Academic journal article Chicago Journal of International Law

The Revolution in Islamic Finance

Academic journal article Chicago Journal of International Law

The Revolution in Islamic Finance

Article excerpt

The development of Islamic banking simultaneously represents an expansion of the global financial system, a revival and re-adaptation of Shari'ah principles along a spectrum of cultures and polities, and a potential bridge across gaps that increasingly divide Muslims from one another and from other great civilizations. Islamic finance is a natural magnet for interdisciplinary and cross-cultural researchers. It stands at the intersections of law and economics and of religion and politics, both globally and nationally. In the fields of international and comparative law, it provides a particularly exciting laboratory for students of international regimes, legal and religious pluralism, and the cross-fertilization of Western and non-Western legal traditions.

Students of international law and politics will recognize the new regulatory architecture of Islamic finance as an international regime-in-the-making that is accepting direction from a more established yet still evolving global regime of banking regulators dominated by the industrialized nations of Europe and North America.1 As these two regulatory systems interact, it will be intriguing to see how they influence one another. Islamic bankers are keen to win greater recognition and legitimacy in global financial circles, and they seem resigned to complying with the prevailing movements toward standardization, disclosure, and corporate governance. However, they also want to preserve distinctive religious values and identities, sparking constant debate over when convergence and harmonization might go too far. Non-Muslim bankers and regulators are increasingly attentive to such concerns, especially as "Shari'ah-compliant" arms of Western banks become powerful and innovative players in Islamic financial markets around the world. Both the global and the Islamic regulatory regimes have strong reasons to accommodate the other's sensitivities; compliance is becoming a two-way street, and each side has a vital stake in the other's rule-making processes.

If the crux of successful international regimes is institutionalizing trust and learning, then hopefully global finance and Islamic finance can strengthen their mutual regard and use it as an ongoing basis for solving common problems. Because many of those problems are ethical and human rather than merely technical and professional, the shared values of monotheism might help to support a productive dialogue. Western bankers are well aware that their industry leaders have shifted strategies from deregulation to re-regulation due to a wave of ethical and leadership failures that threatened the stability and integrity of the global financial system. Some leaders of the financial services industry are calling for broad reforms that would promote a more just and humane variety of world capitalism.2 Similarly, Islamic banking is still recovering from its own crisis, stemming from past scandals and from new fears of manipulation by terrorist groups. Its quest for transparency and uniform standards is also an effort to reset the moral compass that was supposed to guide Islamic finance all along.3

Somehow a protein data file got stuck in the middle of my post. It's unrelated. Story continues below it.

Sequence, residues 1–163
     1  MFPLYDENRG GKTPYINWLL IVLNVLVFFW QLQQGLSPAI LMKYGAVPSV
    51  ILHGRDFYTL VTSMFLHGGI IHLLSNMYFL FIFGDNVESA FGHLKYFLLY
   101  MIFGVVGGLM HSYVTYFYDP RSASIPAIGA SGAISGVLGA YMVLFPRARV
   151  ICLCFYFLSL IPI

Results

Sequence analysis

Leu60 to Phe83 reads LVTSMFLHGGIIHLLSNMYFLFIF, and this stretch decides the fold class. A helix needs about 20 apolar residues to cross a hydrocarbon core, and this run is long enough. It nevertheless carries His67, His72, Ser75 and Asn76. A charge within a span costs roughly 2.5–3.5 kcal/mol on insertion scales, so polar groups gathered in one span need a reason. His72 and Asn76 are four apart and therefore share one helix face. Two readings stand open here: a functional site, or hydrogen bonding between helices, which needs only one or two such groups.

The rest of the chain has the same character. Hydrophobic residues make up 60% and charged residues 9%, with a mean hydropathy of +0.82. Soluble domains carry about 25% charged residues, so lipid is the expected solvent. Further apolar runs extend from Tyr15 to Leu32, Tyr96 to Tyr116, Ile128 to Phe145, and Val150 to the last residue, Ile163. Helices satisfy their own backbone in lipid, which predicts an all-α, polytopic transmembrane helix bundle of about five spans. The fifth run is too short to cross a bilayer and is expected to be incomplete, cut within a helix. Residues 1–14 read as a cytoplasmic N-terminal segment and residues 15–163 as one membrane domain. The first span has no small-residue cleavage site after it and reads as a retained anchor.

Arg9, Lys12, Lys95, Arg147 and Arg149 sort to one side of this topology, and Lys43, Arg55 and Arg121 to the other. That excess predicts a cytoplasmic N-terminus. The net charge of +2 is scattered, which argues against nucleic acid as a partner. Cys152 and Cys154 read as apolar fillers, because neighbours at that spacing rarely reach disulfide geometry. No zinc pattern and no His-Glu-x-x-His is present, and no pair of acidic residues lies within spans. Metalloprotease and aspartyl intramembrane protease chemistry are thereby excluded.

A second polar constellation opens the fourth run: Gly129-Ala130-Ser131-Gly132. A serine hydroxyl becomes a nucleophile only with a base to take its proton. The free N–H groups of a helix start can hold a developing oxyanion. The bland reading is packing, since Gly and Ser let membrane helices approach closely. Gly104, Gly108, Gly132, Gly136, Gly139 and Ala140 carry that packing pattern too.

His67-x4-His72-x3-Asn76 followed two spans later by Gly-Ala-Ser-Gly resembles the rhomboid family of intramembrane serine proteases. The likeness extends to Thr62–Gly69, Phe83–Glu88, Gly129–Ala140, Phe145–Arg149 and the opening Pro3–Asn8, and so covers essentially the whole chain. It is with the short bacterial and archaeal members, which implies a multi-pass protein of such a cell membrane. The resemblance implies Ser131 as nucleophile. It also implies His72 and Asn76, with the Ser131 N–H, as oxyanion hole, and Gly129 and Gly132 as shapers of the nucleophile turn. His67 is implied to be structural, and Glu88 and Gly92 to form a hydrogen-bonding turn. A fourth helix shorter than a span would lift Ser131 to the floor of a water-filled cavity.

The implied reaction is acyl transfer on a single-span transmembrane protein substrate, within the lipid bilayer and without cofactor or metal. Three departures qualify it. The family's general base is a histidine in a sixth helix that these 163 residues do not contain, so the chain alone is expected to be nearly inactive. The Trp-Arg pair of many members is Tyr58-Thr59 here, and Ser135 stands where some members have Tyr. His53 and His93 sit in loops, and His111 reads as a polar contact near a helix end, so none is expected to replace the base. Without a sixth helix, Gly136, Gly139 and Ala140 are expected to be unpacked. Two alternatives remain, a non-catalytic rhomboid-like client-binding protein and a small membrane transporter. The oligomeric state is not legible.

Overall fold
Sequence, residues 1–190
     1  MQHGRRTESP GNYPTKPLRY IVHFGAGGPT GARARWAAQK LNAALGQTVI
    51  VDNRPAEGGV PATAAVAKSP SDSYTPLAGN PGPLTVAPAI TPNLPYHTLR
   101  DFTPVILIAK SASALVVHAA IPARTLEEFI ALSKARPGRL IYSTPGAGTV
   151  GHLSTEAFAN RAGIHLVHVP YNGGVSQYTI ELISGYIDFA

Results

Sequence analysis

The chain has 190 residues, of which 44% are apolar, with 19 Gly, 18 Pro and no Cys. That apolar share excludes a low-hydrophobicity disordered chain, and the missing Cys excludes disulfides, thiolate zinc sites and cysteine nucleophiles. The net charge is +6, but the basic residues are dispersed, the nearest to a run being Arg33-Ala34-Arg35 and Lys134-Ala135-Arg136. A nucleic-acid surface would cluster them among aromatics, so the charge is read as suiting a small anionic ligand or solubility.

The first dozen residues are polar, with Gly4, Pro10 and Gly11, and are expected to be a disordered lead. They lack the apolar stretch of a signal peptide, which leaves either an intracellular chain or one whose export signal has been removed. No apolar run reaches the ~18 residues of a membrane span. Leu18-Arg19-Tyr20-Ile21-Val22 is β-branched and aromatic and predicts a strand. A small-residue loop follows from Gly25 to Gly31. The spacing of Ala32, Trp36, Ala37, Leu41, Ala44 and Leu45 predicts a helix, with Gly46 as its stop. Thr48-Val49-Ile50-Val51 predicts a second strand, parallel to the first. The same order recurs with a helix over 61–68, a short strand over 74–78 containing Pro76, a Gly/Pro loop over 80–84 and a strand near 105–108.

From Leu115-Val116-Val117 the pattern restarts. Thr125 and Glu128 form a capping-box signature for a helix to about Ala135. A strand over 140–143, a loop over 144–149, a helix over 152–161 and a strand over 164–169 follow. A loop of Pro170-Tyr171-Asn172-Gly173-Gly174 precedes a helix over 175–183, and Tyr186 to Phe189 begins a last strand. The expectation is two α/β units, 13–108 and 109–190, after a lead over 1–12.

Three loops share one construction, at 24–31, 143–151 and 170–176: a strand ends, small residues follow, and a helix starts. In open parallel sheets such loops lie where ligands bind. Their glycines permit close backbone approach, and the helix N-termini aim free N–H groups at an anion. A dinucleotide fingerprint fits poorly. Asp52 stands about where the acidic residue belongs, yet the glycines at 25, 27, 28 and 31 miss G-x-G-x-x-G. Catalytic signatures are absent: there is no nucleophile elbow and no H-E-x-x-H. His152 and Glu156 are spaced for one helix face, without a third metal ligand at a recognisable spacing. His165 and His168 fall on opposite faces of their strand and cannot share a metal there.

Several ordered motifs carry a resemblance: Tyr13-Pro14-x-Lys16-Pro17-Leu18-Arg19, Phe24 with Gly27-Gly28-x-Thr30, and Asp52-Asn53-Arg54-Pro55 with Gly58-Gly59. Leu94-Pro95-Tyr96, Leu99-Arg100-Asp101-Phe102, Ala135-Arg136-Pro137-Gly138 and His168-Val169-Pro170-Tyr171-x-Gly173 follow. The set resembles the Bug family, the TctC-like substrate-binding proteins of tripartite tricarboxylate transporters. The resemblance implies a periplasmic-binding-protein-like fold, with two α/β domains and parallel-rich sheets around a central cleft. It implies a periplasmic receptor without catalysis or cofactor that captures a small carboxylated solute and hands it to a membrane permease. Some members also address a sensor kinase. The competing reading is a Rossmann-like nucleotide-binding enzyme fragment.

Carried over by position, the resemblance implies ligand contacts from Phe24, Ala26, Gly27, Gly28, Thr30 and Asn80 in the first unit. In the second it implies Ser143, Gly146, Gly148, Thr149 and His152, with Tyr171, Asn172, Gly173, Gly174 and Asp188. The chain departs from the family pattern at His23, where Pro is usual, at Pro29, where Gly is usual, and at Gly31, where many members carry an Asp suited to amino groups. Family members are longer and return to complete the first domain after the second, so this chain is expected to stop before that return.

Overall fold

For students of legal and religious pluralism, Islamic finance exemplifies the Muslim world's continuing talent for mixing disparate traditions in an eclectic and dynamic synthesis. The theory and practice of Islamic economics supports more ambitious efforts to turn the Sharfah into a living law that can help to shape social change for many generations. Today, as in the past, the Shari'ah blends holy scripture and oral traditions with multiple styles of human interpretation. It constantly interacts with non-religious law from several sources, particularly local custom, state legislation, and a wide array of Western imports.4 The rise of modern international law adds yet another factor to the equation, creating opportunities for a reinvigorated Shari'ah to influence developments far beyond Islam's historical heartlands.

Continued openness and flexibility in Islamic law are especially important as scholarly interest focuses on the problems of globalization and legal transplants. …

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